*I actually got these from my local library (my favorite new video store), but they are 100% Netflix-able.
Rabbit-Proof Fence (2002). Three Aboriginal girls are forcibly taken from their families by the government in the 1930s. The film chronicles their epic journey back home. Kenneth Branagh is randomly in this as well, which is funny to me because it’s a pretty small part and he’s such a big deal (and such a great Shakespearean actor).
I’ve said before that I like learning about history through movies (the sensationalism makes it interesting, you know) and this is not only a typical story of the “lost generation” of Aborigines (well, except for the long journey home part), but was written by a woman about her own mother’s experience. The the making-of documentary is also worth watching. It shows the director in the process of casting and training three girls to play the leads. Though it’s their first time acting, they do a very convincing job in the movie. It’s fascinating to see what their personalities are like off set. Also interesting to note that the director was looking for Aboriginal girls that white people could “see as their own children.” I’m not quite sure what to make of that.
Bad Education (2004). I’ll admit I picked this one up soley because it stars one of the few actors that really does it for me in the hotness department: Gael García Bernal. Even when he’s rocking a mullet and unflattering 70s/80s garb:
And even when he’s cross dressing:
The hotness cannot be contained. I think this might be my favorite of Pedro Almodóvar’s movies, as it’s not needlessly complicated, and no women are objectified. For some reason the fact that it’s only men that are victimized makes me less inclined to believe thatAlmodóvar is a straight-up misogynist. I’ve come around on his movies, and want to go back and watch All About My Mother and Talk to Her again.
At any rate, if you can stomach the theme of child molestation by a priest (thankfully it’s all suggested, not acted out), this is a very enjoyable film with lots of excellent eye candy and clever story-within-a-story twists.
By now, most everyone has heard of Flight of the Conchords. Season 2 is now on HBO, I hear. But for those of us who don’t have television or cable, Netflix is the way to go. I just got Season 1 in the mail, and it’s about the greatest thing in the world. Here are two of my favorite songs from Season 1:
I like instant gratification, so I found this one while browsing Netflix’s selection of ‘Watch Now’ movies. I can usually sit through anything with a foreign setting (i.e. if it was actually filmed in a foreign country). The Indian backdrop of Outsourced is beautiful, and luckily there is more than just pretty scenery: we are treated to a few scenes in which the main character wanders through a poor but vibrant neighborhood, which is surprisingly located right behind the wall of the upscale compound where he’s staying.
The premise is simple: a call center manager at a company that sells kitschy American junk finds out his department is being outsourced to India. He must travel there to train his replacement team or lose his job immediately. Faux-pas and language blunders (admittedly one of my favorite types of comedy) ensue, as does our hero’s migration from reluctance to wholehearted embrace of the culture.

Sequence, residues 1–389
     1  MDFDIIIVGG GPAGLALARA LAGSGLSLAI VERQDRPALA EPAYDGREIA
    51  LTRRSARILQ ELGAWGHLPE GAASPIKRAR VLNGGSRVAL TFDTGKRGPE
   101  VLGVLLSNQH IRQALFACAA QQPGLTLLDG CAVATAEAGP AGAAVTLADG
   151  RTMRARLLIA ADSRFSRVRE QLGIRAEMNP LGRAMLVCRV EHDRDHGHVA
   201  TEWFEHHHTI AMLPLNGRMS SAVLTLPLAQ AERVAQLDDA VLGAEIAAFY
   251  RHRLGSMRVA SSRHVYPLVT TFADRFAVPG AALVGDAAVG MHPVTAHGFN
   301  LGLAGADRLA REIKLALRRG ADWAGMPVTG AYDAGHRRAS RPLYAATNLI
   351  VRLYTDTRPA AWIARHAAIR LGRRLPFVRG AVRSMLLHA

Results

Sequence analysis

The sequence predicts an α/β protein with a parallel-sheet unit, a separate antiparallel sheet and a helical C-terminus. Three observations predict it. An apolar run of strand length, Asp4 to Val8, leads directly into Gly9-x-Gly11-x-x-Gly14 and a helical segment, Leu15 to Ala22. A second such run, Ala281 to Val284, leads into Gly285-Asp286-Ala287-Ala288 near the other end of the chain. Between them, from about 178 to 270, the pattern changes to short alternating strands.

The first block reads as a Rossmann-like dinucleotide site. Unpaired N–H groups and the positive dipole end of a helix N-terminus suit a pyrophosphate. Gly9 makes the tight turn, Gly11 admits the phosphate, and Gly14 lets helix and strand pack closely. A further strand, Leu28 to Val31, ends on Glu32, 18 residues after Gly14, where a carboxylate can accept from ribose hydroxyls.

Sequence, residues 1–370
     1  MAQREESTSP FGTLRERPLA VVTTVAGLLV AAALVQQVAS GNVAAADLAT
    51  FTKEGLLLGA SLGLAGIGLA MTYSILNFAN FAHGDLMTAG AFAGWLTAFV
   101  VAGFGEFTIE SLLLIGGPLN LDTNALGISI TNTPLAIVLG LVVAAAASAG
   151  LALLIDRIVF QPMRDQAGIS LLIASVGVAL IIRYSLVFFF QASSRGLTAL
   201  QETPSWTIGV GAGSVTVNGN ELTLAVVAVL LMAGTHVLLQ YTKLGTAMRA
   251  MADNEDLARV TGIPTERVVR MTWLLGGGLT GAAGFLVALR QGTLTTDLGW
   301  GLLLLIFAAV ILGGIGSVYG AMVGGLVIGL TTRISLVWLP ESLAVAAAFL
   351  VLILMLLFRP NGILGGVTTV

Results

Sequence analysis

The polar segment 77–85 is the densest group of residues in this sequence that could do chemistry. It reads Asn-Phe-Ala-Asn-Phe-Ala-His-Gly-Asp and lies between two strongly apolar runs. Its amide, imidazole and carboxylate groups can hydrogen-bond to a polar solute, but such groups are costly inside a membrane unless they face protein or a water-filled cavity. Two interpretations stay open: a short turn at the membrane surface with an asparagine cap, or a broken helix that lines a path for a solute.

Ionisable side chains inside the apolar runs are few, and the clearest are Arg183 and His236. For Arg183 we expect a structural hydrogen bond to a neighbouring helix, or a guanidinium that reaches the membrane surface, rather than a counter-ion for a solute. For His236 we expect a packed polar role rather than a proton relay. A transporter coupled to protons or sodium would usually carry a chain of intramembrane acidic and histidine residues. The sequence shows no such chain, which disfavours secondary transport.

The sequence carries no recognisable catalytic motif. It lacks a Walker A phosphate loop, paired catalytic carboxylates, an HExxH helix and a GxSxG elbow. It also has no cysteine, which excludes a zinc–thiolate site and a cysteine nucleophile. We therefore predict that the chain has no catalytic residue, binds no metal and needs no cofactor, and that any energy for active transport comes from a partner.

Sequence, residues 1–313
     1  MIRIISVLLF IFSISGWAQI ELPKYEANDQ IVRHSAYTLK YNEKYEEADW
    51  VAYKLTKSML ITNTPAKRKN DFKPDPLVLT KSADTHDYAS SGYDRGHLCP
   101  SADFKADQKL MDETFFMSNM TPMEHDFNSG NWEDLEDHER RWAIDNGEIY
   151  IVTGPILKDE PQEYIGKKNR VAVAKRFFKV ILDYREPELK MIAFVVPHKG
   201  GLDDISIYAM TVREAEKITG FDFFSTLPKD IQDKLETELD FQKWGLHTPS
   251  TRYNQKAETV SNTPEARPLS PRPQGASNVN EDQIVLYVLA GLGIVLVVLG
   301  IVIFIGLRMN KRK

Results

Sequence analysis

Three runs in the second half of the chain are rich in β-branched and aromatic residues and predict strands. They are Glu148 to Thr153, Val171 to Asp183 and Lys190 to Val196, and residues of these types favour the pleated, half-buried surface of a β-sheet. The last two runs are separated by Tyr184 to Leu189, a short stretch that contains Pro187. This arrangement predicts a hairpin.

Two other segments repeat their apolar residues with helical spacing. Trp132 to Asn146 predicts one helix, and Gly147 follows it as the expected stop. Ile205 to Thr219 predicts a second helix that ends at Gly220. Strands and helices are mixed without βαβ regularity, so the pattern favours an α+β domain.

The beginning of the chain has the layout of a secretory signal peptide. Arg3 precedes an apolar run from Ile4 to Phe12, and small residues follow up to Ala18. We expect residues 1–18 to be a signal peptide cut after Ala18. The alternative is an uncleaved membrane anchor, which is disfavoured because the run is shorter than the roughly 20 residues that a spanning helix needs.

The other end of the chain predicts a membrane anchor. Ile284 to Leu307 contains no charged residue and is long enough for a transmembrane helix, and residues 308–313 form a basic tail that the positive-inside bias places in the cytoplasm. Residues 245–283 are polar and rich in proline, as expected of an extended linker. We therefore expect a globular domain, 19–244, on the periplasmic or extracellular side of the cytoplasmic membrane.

While there are a lot of predictable laughs, I enjoyed the version of India that the film creates – it is much more nuanced than your average destination comedy, yet not at all heavy-handed in its portrayal of poverty and globalization. I also appreciated how it does not dumb down the American corporate experience too much, as is usually the case with comedies. The characters are charming and real, and I’ll take a light comedy with characters I care about over snooty drama with one-dimensional characters any day. The soundtrack is also a lot of fun!
Lately my husband has experienced a renewed (morbid?) interest in Ayn Rand. Like nearly everyone else in the universe, we each read one of her ponderous novels in high school (Atlas Shrugged in both of our cases), but wouldn’t be caught dead with her work on our adult book shelves. However my husband came across an old copy in someone else’s classroom at work and soon he was sucked in.
I don’t know what it is about Rand’s books that captivate the average 17-year-old – maybe it’s that Objectivism seems to cut against everything we learn from a young age about sharing and the ultimate good of putting others before oneself. As flawed a philosopher as she is, I do appreciate where she was coming from (literally – i.e. fleeing during the Russian revolution of 1917) and I was utterly fascinated by the movie we watched last night, The Passion of Ayn Rand.
Helen Mirren, half-Russian fox that she is, is one of the top reasons for watching, (even if in real life she has some questionable views on rape and coke ). The totally effed up love quadrangle between Rand, her husband Frank O’Connor, Rand’s protégé Nathaniel Branden, and Branden’s wife Barbara (who wrote the book upon which the movie is based) is another. I try to see public figures’ sex lives for what they are – namely private and ultimately separate from their public persona and deeds – but Rand and Branden used the logic of their budding philosophy to influence their spouses into accepting their affair. In the film, Rand tells her husband and Barbara Branden that “lesser people” wouldn’t be able to accept their illicit arrangement.
Whether you love her or hate her, there is enough soap opera goodness in The Passion of Ayn Rand to keep anyone transfixed. Oh, and it came out in 1999, so it’s readily available on Netflix.